— George Segal as Henry Fine from The Mirror Has Two Faces, 1996
You are Here » Reviews » Review: It’s a Disaster
April 13, 2013
Review: It’s a Disaster
— Posted by The "Superior" Anthony
I liked “It’s a disaster”. It’s by no means a masterpiece but the film’s story, cast, and humor bring a redeeming charm to the film throughout its flaws. You see, the movie has its flaws. BIG FLAWS. The performances are inconsistent, the pacing is initially very odd and jarring, and the jokes are extremely dry. I tell myself that some of the humor relies on borderline dry wit, but the writers also sprinkled morsels of crass humor to accentuate some of the drier scenes. The effort results in a movie that truly is funny, but it’s definitely not for everyone. Watching the unraveling of this group as they attempt to survive a hopeless and life threatening situation creates an intimate environment for the actors to really exhibit their talents as the centerpiece of the film.
I went out of my way to see this movie because of David Cross, and he thankfully demonstrated exactly why I did with his performance in this film. Cross has an odd demeanor that’s occasionally self deprecating but he makes it an appreciable approach to comedy that just tickles me in ways that few other comedians can match. I enjoyed Cross’ character “Glenn Randolph” a lot in this film thanks to Cross’s sustained comical timing supplementing the highlight performances of some of his co-stars.
DC’s role in this film wasn’t as focal as I anticipated which was a grab bag of pleasant surprises and thundering disappointment. I wasn’t too keen on everything else in the movie and for whatever reason dread during the change of an scene in fear that Julia Styles’ “Tracy Scott” would have another awkward attempted romantic interaction with David’s character Glenn and I could swear David and Julia did too. The scenes with them in an isolated romantic like scene stand out and not for the right reasons. None of the attempted comedy in the scenes in which the humor is entirely situational rather than punch driven was a struggle for Styles. Oh, and America Farrera also delivers a wonderfully entertaining performance with her depressive Hedy Galili. She steals more than one scene in this movie and helps carry the comedy to the finish line along with David Cross. I was pleasantly surprised by her comfort with her character to really unhinge when faced with fear. She was incredibly humorous and pivotal to a lot of the enjoyment in this film.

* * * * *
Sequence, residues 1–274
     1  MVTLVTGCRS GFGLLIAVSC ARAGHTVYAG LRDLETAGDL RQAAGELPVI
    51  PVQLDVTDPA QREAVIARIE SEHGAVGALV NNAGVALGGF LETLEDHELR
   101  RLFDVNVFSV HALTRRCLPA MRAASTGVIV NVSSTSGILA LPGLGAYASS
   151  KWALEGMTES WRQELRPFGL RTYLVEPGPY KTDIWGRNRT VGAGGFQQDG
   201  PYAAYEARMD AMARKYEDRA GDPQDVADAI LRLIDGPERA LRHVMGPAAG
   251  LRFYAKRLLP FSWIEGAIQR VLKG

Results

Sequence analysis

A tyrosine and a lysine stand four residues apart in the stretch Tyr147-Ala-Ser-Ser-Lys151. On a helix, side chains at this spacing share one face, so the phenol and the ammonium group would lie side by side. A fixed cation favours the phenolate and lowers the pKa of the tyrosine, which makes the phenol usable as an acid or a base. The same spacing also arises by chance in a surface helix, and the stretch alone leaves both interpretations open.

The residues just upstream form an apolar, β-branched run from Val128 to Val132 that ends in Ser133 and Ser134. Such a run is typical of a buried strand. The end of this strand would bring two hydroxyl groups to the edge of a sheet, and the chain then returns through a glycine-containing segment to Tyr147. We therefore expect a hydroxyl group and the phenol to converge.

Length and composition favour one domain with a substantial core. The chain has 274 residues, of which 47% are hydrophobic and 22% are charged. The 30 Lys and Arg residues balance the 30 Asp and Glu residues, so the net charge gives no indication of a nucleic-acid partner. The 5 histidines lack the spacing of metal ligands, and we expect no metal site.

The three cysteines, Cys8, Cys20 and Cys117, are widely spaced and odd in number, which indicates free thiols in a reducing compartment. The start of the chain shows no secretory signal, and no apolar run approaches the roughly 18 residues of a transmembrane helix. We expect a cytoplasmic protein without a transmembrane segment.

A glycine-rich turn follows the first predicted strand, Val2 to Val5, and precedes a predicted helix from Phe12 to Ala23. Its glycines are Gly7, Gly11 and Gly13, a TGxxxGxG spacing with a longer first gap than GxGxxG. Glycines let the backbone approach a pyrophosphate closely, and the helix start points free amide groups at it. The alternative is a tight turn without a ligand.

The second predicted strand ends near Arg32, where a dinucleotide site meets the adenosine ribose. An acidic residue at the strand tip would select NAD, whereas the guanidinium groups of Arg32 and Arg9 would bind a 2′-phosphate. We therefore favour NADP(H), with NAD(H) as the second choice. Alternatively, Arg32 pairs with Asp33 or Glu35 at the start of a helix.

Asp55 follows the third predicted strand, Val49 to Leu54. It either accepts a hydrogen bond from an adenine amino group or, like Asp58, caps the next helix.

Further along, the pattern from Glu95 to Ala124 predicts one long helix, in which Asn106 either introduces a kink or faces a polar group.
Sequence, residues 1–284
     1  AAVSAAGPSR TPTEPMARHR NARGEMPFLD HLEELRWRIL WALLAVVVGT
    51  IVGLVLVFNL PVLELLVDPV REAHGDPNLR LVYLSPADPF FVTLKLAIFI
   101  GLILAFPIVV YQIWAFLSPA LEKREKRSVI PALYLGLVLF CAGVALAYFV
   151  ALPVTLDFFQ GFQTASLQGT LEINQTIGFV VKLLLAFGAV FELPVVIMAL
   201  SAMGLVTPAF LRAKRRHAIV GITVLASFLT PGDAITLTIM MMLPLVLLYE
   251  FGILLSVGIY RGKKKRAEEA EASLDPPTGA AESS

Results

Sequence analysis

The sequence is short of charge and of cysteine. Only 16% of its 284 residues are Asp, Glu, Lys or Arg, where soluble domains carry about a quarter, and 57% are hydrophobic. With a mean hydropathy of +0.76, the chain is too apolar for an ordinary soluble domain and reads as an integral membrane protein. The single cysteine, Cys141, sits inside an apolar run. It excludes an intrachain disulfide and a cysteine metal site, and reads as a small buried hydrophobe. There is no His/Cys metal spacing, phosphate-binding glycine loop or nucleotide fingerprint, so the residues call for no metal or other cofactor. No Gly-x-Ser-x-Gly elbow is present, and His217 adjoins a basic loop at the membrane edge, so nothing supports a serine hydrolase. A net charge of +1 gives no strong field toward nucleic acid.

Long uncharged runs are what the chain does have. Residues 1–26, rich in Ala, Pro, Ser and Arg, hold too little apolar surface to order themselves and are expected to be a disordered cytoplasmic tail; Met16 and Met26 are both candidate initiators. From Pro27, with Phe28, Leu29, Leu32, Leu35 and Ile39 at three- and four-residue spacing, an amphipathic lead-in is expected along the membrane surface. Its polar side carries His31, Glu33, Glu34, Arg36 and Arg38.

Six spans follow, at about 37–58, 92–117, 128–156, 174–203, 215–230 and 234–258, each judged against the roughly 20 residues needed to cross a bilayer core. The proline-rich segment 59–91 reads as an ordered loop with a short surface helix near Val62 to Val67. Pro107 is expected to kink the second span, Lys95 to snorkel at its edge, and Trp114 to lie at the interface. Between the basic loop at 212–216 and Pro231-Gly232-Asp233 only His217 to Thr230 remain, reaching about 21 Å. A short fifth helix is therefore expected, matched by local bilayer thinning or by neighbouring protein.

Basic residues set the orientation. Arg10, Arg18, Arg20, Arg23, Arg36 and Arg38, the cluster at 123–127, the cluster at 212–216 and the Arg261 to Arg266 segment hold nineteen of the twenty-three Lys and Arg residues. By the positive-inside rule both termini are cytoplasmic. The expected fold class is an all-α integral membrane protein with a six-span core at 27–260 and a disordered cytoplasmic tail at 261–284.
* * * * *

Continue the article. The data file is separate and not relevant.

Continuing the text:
Overall the film kept me further entertained than I initially expected and in hindsight I feel like that a film that I’d like to to show off to friends. I’m avoiding discussion about the story itself because it would ruin a lot of the charm found in watching the story unfold. This movie grew on me as the story progressed resulting in enhanced immersion, and a few genuine outbursts of laughter. There’s a slight sense of moral introspect studied in the film that helps carry the story along as well that balances the comedy all the way through and compliments the entertaining story that’s told.
This post was written by :
Content Manager | Senior Editor
Around the Web